Hillary Clinton has Community Acquired Pneumonia. What to know for #ABIM, #USMLE, #PANCE, #ABFM
“Hillary Clinton’s Doctor Says Pneumonia Led to Abrupt Exit From 9/11 Event” read the page A1 headline in this morning’s New York Times. The diagnosis came hours after she had to suddenly leave a ceremony being held on the 15th anniversary of the Sept. 11 attacks. Clinton’s spokesman, Nick Merrill, said she was feeling “overheated” at the commemoration ceremony, which is not surprising considering that fever and cough (which Clinton had recently) are often seen in pneumonia.
An explainer provided a good overview of pneumonia for the general public. However, below, we focus on what you need to know about pneumonia for the wards, as well as exams like #USMLE, #ABIM, #ABFM, and #PANCE.
What are the risk factors for Community-Acquired Pneumonia?
- Bronchiectasis (which predisposes to Pseudomonas)
- Older age
Men, especially black males, are at higher risk of getting pneumonia.
What are the bacterial causes of Community-Acquired Pneumonia?
The epidemiology can help narrow down the specific cause.
- Streptococcus pneumoniae is the most common bacterial cause in all age groups.
- Mycoplasma pneumoniae (walking pneumonia) and Chlamydiophila pneumonia are seen in patients between 20 and 40 years of age.
- Moraxella and Haemophilus species are more often in chronic lung disease patients.
- Legionella pneumophila is implicated in environmental sources (e.g. water towers)
However, keep in mind that these associations are not 100% accurate as Clinton (who is 67 years old) is said to have had walking pneumonia, well out of the 20-40 year age range.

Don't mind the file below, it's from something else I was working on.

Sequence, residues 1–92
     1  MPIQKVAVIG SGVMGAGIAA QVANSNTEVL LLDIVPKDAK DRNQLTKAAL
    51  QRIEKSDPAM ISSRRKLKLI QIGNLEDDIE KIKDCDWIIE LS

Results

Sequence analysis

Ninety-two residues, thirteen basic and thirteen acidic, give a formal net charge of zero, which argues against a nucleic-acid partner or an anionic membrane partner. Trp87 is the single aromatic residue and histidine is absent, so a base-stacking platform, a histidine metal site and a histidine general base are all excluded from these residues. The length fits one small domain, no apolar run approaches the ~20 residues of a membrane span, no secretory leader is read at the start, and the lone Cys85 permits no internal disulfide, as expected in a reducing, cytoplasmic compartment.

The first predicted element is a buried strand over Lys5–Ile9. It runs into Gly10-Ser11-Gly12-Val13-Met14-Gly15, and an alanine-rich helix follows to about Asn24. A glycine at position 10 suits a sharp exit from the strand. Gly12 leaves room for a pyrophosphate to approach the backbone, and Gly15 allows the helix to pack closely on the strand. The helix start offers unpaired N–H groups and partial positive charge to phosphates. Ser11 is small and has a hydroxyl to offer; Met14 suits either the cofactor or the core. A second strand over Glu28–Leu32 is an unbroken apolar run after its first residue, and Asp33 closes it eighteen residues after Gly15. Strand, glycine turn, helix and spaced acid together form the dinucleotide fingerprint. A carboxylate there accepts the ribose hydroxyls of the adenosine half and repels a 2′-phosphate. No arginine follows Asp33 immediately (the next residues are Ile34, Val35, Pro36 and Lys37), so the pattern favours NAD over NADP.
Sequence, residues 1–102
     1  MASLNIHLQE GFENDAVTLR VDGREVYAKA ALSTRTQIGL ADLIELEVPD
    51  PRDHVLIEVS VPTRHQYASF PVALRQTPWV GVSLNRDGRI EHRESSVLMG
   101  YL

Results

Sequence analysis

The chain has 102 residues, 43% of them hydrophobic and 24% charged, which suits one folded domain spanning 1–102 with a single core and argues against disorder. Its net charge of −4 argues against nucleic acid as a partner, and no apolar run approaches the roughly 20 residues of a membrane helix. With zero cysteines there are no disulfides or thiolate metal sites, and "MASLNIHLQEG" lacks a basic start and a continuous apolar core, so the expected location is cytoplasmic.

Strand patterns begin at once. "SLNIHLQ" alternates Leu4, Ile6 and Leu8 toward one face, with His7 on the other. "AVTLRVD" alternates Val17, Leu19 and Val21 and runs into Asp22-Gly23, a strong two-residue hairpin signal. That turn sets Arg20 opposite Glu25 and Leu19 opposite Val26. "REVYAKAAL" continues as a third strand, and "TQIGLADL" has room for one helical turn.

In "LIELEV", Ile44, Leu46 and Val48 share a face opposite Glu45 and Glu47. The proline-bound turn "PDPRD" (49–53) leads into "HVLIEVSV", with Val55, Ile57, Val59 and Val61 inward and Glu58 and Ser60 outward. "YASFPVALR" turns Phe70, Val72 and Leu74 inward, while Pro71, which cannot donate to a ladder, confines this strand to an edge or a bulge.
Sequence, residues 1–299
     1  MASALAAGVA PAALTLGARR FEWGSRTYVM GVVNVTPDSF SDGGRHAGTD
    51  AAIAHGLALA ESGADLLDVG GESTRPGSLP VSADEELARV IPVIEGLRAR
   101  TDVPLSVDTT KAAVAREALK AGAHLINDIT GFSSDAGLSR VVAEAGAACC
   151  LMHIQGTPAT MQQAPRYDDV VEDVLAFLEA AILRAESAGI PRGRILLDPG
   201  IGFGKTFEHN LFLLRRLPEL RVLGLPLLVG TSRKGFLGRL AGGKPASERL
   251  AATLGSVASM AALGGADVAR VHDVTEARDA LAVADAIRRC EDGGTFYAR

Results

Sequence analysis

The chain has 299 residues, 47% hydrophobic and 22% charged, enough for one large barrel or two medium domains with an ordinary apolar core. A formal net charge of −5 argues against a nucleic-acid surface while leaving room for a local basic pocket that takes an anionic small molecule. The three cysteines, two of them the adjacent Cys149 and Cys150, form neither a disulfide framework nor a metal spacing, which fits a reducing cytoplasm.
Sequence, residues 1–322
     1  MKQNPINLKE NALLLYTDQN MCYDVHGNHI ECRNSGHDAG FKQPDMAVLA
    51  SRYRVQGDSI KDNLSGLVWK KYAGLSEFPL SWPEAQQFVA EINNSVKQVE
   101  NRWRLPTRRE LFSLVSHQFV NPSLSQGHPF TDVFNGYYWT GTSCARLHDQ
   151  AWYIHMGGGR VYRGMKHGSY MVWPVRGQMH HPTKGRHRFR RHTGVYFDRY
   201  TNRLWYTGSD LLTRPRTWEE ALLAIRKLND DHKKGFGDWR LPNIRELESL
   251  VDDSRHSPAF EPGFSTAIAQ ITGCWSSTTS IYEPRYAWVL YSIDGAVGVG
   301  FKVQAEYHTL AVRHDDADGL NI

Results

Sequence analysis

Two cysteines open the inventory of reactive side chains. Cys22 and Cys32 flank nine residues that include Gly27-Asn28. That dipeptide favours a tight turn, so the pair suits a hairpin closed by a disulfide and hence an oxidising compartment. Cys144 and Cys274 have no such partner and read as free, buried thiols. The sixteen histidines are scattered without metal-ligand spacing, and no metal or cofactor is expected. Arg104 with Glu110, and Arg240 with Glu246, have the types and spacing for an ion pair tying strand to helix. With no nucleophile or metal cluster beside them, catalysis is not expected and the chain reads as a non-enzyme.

The Knowmedge Mnemonic below allows us to remember a couple of the general infectious categorizations of pneumonia:
Before we can prescribe medications, we need to determine where patients should be triaged. CURB-65 is the risk stratification tool to use in managing community-acquired pneumonia and determine whether a patient can be treated as an outpatient or require admission to the medical ward or the ICU.
At 68 years, Hillary gets 1 point for age. Given that she nearly passed out, her blood pressure was likely low as well. Therefore, she had at least 2 points. Technically, based on CURB-65, she should have been managed in the medical ward. However, the heavy level of security required and lack of privacy instead led her to seek care by a home doctor while resting at her daughter’s Chelsea residence.
As any medical student, resident, doctor, or physician assistant knows, antibiotics are necessary to treat bacterial pneumonia. Indeed, as stated in the New York Times article: “She was put on antibiotics, and advised to rest and modify her schedule,” her physician Dr. Lisa Bardack said. Generous fluid consumption is also needed.
Here are the antibiotic regimens to remember for the boards (USMLE, ABIM, PANCE) and wards in the usual Knowmedge style References:
- Jonathan Martin and Amy Chozick. “Hillary Clinton’s Doctor Says Pneumonia Led to Abrupt Exit From 9/11 Event.” New York Times. Page A1. SEPT. 12, 2016.